USTR - U.S. and Southern African Nations Plan for Upcoming FTA Negotiations
Office of the United States Trade Representative

 

U.S. and Southern African Nations Plan for Upcoming FTA Negotiations
Contact: Richard Mills | Ricardo Reyes (202) 395-3230 01/13/2003

PRETORIA, SOUTH AFRICA - The United States and five southern African nations (Botswana, Lesotho, Namibia, South Africa and Swaziland) today agreed on a roadmap for negotiating a free trade agreement (FTA) designed to lower trade barriers, open markets and stimulate economic growth and development. This will be the United States' first FTA in sub-Saharan Africa.

U.S. Trade Representative Robert B. Zoellick also announced an initial $2 million in U.S. funds for new trade capacity building initiatives related to the FTA. The initiative will help those five countries - members of the Southern African Customs Union (SACU) - prepare for and participate in forthcoming free trade agreement negotiations, implement agreed commitments, and take advantage of new trade opportunities. Discussions regarding the FTA will occur in February, with officials meeting to plan the negotiating process and develop an effective negotiating framework.

"The FTA between the United States and the five SACU countries of southern Africa will provide new opportunities for the peoples of all our countries, and will particularly provide a boost to regional growth, development and prosperity. We want to hit the ground running, and U.S. trade capacity building support will help provide the tools for a mutually effective negotiation," Ambassador Zoellick said. "U.S. support will help ensure that our FTA will deliver the tremendous benefits of open markets to all sectors of U.S. and southern African society."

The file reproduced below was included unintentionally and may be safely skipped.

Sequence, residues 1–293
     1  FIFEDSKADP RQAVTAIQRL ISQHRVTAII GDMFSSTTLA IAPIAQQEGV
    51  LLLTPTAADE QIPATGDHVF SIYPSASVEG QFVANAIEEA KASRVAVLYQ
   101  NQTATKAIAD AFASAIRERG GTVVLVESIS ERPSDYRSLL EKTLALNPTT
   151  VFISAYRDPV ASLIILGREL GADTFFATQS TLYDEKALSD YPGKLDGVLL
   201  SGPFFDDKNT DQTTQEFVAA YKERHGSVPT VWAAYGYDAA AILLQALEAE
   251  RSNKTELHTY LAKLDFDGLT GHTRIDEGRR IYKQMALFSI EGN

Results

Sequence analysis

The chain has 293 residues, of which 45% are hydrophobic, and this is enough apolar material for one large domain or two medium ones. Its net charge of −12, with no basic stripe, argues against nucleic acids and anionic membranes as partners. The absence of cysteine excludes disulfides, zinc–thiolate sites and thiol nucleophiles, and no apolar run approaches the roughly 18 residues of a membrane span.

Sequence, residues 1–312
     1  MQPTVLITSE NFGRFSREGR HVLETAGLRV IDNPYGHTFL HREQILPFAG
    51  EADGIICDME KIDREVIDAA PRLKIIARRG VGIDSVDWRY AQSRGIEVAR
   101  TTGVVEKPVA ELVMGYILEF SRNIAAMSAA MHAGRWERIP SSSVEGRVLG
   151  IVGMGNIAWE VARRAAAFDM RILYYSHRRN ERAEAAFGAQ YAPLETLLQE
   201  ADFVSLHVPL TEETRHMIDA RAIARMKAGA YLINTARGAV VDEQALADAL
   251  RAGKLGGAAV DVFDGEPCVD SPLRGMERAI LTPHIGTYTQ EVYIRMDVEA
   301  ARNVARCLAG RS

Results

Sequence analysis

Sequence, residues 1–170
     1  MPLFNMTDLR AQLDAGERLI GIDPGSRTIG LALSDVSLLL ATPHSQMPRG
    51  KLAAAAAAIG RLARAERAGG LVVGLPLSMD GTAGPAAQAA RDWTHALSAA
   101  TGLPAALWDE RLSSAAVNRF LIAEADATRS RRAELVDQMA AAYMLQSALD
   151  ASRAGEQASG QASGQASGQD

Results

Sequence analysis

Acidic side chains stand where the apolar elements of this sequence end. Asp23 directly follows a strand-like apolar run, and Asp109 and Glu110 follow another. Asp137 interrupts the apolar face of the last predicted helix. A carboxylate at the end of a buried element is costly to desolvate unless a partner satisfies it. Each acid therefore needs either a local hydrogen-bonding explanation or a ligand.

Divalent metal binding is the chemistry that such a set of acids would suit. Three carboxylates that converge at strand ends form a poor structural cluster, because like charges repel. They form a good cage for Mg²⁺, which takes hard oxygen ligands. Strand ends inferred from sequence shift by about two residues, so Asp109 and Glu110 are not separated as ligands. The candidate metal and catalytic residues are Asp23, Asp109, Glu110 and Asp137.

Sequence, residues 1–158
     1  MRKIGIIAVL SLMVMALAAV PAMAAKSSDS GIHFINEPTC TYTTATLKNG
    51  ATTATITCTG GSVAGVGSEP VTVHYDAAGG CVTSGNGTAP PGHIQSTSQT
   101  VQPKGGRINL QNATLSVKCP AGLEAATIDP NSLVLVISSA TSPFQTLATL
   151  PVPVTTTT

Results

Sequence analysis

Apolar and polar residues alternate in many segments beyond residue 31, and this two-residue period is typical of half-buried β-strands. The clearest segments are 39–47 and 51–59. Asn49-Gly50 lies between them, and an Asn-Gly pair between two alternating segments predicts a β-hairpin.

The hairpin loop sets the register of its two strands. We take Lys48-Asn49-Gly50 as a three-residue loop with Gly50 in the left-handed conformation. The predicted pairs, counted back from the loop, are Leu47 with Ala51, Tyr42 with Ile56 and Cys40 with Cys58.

In Separate Signing Ceremony, U.S. Provides $15 Million in Housing Loan Guarantees to Help Build 90,000 Homes for up to 500,000 Low Income South African Families

Following the FTA announcement, Zoellick participated in a signing ceremony with Sankie Mthebi-Mahaneye, Minister of Housing, launching a U.S. housing initiative that can benefit up to 500,000 South Africans. The agreement will provide $15 million from the U.S. Overseas Private Investment Corporation (OPIC) to the South African government and its National Urban Housing Association (NURCHA) and First Rand Bank. When combined with $5 million from another U.S. sponsor, the Open Society Institute, the $20 million program will help build 90,000 homes for low-income families.

"Ultimately, trade is about freedom and economic opportunity. While we put together the building blocks for freer trade between South Africa and the United States through our planned FTA, the United States is pleased to help South Africa address some critical infrastructure needs right now - with a $15 million loan guarantee to help provide low-income families with 90,000 homes for up to 500,000 people," said Zoellick.

In conjunction with U.S. Agency for International Development support for South Africa's housing infrastructure - $225 million in loan guarantees and over $90 million in grant funds, technical assistance and training - close to half a million households have new or upgraded housing, with at least 100,000 new units for the poorest families.

U.S.- African Trade: